I just got a raise. How can I max out my 401(k)?

Dear Dan,

I found out I will get a nice raise starting in November. Since I’m not used to getting that much pay, this seems like a good time to increase my savings. I can save more and won’t even feel it. I also have some cash saved at my bank. I’d love to max out my 401(k). With the raise not kicking in for a while, do I just write a check to the plan?

— Todd

Dear Todd,

Congrats on the raise, and I love your thinking here! Saving all or part of a raise is one of the easiest ways to boost savings because you haven’t been used to spending the new income.

“Employee deferrals,” that’s what you contribute from your pay, must be done through payroll. You can’t just cut a check. To max out your contributions to the 401(k), you must navigate some limits.

First, the dollar limit maximum for employee deferrals in 2023 is $22,500. If you are over age 50, you may also contribute an additional “catch-up” amount of up to $7,500 for a total of $30,000.

However, you’ve probably been asked by your employer what percentage of your pay you want to contribute not a dollar amount. Technically, the tax law states that participants in a 401(k) plan can contribute 100% of their earned income up to the employee deferral dollar limit for the year. Most plans do not allow such a high deferral percentage.

What is possible for you depends on the provisions of your particular plan. Many plans impose a limit on the percentage of each pay cycle that can be deferred. If your plan limits the per pay period deferral percentage to say 15%, that is all you will be allowed to contribute.

In addition, while many plans allow changes at will, many others do not. Smaller companies in particular often restrict changes to elective deferrals to certain frequencies or specific dates. At some companies, changes can take a pay period or two to go into effect.

Nonetheless, it may be possible to maximize your elective deferrals. The logistics are different, but the net effect will be the similar to writing a check. Here’s how.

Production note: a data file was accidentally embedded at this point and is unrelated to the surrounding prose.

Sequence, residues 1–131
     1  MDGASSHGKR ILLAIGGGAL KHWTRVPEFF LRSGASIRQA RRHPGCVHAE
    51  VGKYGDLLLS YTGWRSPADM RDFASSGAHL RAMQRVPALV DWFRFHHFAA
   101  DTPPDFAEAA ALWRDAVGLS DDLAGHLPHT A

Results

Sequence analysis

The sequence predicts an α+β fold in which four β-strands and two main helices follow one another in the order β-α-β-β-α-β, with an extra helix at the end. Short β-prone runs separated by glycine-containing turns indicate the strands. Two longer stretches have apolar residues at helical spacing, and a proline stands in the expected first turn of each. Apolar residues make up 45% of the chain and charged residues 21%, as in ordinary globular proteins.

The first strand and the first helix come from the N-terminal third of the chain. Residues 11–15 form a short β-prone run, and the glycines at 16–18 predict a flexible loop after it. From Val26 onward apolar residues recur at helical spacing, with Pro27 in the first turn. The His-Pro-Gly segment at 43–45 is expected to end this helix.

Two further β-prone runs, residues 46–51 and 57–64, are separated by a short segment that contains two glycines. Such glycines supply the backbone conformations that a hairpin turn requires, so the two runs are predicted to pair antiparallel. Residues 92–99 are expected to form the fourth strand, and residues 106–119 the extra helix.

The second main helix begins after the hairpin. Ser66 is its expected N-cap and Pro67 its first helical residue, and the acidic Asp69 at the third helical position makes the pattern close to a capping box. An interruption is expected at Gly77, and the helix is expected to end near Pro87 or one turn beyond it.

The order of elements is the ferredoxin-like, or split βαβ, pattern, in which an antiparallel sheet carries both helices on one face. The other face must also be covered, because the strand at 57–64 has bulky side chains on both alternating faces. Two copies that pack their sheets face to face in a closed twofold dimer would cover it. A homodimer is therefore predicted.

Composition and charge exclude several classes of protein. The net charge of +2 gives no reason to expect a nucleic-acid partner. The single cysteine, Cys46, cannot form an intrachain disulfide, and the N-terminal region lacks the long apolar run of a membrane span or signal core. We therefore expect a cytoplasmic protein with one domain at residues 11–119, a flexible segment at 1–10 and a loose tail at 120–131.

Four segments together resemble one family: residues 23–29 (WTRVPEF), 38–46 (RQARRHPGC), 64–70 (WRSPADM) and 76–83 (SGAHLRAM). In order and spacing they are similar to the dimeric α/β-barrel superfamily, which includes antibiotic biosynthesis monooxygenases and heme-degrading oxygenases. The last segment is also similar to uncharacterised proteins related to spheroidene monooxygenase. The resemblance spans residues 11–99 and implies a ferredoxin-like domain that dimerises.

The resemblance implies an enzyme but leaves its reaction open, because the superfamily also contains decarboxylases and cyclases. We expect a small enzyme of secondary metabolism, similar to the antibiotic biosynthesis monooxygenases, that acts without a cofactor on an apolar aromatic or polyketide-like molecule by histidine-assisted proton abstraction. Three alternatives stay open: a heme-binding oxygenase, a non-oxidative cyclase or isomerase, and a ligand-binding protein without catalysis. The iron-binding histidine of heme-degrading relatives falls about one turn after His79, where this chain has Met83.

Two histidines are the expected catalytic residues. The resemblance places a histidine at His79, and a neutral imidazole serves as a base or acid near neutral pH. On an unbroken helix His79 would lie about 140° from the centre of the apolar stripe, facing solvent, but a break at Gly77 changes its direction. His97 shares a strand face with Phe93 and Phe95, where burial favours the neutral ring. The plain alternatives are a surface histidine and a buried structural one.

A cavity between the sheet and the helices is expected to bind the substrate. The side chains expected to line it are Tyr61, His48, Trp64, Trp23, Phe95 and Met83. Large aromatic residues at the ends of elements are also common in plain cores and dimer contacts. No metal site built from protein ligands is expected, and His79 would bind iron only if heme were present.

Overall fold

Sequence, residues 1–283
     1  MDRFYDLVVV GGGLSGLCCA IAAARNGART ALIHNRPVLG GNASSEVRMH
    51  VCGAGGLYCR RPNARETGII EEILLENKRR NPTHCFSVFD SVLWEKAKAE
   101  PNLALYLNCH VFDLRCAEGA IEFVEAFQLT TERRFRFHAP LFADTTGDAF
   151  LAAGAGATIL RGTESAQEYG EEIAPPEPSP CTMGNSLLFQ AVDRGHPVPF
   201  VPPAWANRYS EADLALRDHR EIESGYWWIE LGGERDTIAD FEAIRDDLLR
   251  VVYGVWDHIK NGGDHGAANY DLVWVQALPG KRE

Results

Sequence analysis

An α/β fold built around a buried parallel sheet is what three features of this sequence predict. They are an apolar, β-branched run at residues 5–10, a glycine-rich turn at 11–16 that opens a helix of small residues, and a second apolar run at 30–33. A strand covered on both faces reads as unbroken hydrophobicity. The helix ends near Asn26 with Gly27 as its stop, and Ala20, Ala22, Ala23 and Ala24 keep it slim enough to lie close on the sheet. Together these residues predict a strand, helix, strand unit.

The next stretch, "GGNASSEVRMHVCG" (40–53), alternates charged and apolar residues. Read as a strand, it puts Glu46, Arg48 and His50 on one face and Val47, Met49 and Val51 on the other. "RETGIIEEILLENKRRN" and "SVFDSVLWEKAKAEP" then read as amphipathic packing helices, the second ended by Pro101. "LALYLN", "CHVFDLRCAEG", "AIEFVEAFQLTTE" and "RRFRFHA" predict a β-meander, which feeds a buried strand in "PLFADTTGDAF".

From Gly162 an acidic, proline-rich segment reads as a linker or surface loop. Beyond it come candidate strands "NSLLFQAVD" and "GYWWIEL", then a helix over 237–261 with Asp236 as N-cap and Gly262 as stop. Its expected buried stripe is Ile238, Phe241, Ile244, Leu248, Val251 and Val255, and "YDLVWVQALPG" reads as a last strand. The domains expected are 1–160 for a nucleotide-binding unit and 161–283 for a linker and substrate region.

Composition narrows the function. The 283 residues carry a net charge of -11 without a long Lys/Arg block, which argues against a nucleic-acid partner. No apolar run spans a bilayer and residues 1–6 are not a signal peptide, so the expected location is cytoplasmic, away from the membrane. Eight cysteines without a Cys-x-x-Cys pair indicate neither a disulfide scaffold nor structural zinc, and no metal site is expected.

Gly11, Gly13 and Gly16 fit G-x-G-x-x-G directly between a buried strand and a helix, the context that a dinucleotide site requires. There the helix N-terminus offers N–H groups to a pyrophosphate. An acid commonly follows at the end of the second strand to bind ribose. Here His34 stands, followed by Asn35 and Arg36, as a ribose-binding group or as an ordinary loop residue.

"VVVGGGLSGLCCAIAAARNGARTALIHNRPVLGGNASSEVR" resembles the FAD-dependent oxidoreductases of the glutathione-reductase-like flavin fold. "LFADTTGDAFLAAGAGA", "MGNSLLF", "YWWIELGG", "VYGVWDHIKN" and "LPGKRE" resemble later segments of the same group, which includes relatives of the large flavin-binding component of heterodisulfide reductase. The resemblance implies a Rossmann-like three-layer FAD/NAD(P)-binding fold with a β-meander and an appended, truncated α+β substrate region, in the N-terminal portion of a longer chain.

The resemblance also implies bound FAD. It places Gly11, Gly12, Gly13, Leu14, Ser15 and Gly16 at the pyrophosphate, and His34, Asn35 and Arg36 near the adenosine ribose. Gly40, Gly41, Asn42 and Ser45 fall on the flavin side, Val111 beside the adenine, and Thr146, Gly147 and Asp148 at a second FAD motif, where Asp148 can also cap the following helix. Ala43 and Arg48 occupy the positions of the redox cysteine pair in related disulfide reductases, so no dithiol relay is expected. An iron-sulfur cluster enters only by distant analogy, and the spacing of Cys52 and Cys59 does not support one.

You should be able to easily calculate how much you will contribute for the year if you keep doing what you are doing and make no changes. Subtract that amount from the maximum $22,500 (or $30,000 if over 50) and you have the goal for additional deferrals.

From there, divide the goal by the number of pay periods left and you will have a per pay period dollar goal. Convert that dollar amount to a percentage of your pay and increase your deferrals by that percentage.

So, let’s say you will be $6,000 short of maxing out at your current salary and rate of savings. Further you have six pay periods left. You can’t just cut a check for $6,000. To max out, you need to save $1,000 more per pay period. Convert $1,000 to a percentage of your pay and increase your savings rate by that percentage.

Your take-home pay will go down by $1,000 per pay period if you are making a Roth or after-tax contribution, but less than $1,000 if you contribute pretax. To make up the difference in your take-home pay, tap the bank account for the decline each pay period. By the end of the year, you will have maxed out and your bank account will be lower by $6,000 if making Roth or after-tax contributions or less than $6,000 if making pretax contributions. The end result will be very similar to what would have happened had you been permitted to write a check.

If you have a question for Dan, please email him with “MarketWatch Q&A” on the subject line. 

Dan Moisand is a financial planner at Moisand Fitzgerald Tamayo serving clients nationwide from offices in Orlando, Melbourne, and Tampa Florida. His comments are for informational purposes only and are not a substitute for personalized advice. Consult your adviser about what is best for you. Some reader questions are edited to aid the presentation of the subject matter.

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